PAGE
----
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How Soon Can I Have Oral Sex After A "Natural" Birth? Giving & Receiving Have Different Wait Times

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Sex is a complicated issue — even more so after you give birth. Your doctor or midwife has likely warned you about waiting a full six weeks before resuming penetrative sex, but this news may still have you wondering about other types of sex beforehand. You might feel ready to resume sexual acts well before those six weeks or you might not, but questions still remain on your mind. When it comes to your own potential for pleasure postpartum, you might wonder how soon can I have oral sex after a "natural" birth.

When it comes to oral sex, the timeline may depend on the type of oral sex you are engaging in postpartum, according to British site Net Doctor. Fellatio, also known as oral sex that is performed on the man by the woman, is completely safe postpartum. As long as you are not uncomfortable and are feeling up for it, this may be a great way to reestablish intimacy in your relationship. Receiving oral sex, however, is a different story.

Cunnilingus, also known as oral sex that is performed on a woman by someone else, is often a bad idea for a few months after childbirth, according to the aforementioned Net Doctor article. The reasons for this is because receiving oral pleasure can introduce infection into the vagina and womb, and there have been reports of men who accidentally blew air into their partner's vagina and created an air embolism that eventually killed the woman. If you are concerned about a vaginal embolism, it may be best to warn your partner to either be very careful about blowing any air or just stay away completely for a while.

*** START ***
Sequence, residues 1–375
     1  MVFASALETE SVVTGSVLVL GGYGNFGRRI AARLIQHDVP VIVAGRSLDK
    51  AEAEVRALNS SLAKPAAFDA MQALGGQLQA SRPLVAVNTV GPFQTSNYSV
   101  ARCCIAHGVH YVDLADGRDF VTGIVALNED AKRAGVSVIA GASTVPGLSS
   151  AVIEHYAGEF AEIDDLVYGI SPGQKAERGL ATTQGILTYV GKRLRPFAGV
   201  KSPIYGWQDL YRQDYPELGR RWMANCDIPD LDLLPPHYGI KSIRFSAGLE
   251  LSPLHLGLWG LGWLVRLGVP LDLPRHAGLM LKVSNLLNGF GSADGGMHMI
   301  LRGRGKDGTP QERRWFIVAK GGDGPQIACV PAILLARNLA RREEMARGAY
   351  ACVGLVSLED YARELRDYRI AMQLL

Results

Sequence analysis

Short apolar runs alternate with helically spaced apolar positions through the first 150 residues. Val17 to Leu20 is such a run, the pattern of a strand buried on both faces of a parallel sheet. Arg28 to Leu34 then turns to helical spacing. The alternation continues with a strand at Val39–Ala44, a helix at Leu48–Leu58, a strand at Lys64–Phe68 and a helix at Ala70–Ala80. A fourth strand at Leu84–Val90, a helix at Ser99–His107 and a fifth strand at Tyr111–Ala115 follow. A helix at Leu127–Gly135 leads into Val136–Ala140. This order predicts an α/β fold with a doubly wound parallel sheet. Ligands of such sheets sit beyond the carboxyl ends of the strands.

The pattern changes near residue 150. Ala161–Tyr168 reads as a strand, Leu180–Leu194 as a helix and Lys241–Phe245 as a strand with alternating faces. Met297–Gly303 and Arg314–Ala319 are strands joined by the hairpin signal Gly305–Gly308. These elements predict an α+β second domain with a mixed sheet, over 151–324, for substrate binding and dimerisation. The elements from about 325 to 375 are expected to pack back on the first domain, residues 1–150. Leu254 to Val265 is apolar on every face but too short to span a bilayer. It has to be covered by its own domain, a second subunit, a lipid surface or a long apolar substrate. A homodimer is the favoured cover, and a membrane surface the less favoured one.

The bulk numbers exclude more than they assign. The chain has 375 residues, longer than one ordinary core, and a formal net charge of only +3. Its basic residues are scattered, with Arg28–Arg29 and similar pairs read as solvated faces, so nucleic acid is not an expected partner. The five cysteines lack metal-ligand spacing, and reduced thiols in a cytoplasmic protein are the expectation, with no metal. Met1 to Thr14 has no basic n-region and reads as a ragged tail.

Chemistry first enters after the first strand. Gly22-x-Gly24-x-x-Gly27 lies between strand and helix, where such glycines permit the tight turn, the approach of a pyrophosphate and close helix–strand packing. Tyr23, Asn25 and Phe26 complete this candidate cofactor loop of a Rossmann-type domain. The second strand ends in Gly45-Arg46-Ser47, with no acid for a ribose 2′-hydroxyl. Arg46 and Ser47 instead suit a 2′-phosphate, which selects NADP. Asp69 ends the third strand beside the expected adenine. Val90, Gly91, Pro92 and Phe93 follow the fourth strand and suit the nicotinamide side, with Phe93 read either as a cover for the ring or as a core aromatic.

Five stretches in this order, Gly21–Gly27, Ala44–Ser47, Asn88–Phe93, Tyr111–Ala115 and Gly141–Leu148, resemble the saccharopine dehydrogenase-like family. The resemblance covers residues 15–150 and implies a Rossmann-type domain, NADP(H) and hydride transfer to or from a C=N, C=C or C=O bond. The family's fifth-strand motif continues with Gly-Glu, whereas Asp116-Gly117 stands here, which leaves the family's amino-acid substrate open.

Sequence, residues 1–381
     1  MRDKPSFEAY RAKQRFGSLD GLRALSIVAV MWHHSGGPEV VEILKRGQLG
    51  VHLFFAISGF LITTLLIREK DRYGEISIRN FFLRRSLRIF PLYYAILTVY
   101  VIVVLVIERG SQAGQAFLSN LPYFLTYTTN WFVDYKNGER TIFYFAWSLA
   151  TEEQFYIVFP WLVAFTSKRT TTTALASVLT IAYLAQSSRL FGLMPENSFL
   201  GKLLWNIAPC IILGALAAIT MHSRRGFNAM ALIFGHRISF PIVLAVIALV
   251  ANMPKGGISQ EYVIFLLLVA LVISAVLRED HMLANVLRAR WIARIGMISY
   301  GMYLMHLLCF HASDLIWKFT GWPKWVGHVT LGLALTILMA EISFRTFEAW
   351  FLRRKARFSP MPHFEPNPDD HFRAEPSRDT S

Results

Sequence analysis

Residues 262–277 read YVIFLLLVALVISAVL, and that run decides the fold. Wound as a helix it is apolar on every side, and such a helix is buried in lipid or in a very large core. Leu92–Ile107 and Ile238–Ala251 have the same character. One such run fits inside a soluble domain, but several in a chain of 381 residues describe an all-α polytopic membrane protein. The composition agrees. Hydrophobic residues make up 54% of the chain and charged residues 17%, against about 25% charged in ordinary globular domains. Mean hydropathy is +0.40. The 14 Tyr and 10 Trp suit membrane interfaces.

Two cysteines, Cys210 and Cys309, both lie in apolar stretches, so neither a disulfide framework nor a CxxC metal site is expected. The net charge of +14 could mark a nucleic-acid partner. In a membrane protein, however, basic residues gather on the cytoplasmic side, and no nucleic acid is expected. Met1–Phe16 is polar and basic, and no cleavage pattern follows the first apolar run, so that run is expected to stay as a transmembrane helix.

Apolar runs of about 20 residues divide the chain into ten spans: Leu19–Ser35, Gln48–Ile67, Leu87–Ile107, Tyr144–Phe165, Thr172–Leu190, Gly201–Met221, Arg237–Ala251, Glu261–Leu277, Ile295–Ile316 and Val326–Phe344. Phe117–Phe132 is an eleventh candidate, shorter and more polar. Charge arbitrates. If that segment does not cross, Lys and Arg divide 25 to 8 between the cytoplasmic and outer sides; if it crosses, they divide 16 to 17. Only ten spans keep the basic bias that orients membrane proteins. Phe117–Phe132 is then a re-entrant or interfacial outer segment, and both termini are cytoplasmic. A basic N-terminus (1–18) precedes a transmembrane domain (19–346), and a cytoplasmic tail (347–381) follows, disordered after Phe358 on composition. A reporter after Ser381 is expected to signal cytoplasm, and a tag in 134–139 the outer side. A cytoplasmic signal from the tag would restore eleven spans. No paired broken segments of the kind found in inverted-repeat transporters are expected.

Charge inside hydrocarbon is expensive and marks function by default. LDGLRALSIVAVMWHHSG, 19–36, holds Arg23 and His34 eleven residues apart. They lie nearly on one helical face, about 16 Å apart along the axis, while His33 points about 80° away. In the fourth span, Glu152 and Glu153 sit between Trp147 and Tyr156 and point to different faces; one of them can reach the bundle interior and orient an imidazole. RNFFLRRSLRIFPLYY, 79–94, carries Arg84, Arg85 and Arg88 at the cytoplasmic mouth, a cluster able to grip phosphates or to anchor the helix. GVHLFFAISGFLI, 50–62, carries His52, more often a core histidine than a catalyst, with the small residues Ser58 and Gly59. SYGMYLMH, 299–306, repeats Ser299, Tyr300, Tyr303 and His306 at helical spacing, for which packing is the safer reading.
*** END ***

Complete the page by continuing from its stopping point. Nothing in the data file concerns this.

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Not everyone feels the need to be so cautious, however. In a piece she wrote for Baby Center, OB-GYN Dr. Laura Fijolek McKain wrote that oral sex and other forms of "outercourse" (like postpartum masturbation) are safe a few days after delivery. Having oral sex, whether giving or receiving it, can be a good way to share pleasure with your partner while you wait for your doctor or midwife to clear you for intercourse.

McKain warns that women with an episiotomy or a vaginal laceration repair should have their partner avoid contact with that area so as to not disrupt the healing process. The important thing is to stay away from stimulation to the vagina or perineum in order to avoid a risk of infection, but strictly external stimulation (such as to the area around your clitoris) is perfectly fine.

After your "natural" birth, you may take a little while to feel recovered enough to have oral sex with your partner. However, once you are in the mood and feel healed enough to try, take it easy and have your partner slowly experiment in pleasuring you. Make sure to stop if anything feels off but, otherwise, go ahead and feel free to enjoy yourself.